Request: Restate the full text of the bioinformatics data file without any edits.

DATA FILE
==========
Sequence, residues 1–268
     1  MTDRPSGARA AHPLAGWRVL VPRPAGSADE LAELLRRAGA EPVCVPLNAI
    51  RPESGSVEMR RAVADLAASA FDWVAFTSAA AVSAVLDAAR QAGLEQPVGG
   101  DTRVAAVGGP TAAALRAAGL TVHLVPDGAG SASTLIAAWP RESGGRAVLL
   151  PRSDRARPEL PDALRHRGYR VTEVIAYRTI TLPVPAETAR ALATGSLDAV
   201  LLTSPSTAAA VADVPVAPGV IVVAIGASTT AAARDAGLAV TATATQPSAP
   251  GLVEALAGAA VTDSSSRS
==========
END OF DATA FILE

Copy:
Sequence, residues 1–268
     1  MTDRPSGARA AHPLAGWRVL VPRPAGSADE LAELLRRAGA EPVCVPLNAI
    51  RPESGSVEMR RAVADLAASA FDWVAFTSAA AVSAVLDAAR QAGLEQPVGG
   101  DTRVAAVGGP TAAALRAAGL TVHLVPDGAG SASTLIAAWP RESGGRAVLL
   151  PRSDRARPEL PDALRHRGYR VTEVIAYRTI TLPVPAETAR ALATGSLDAV
   201  LLTSPSTAAA VADVPVAPGV IVVAIGASTT AAARDAGLAV TATATQPSAP
   251  GLVEALAGAA VTDSSSRS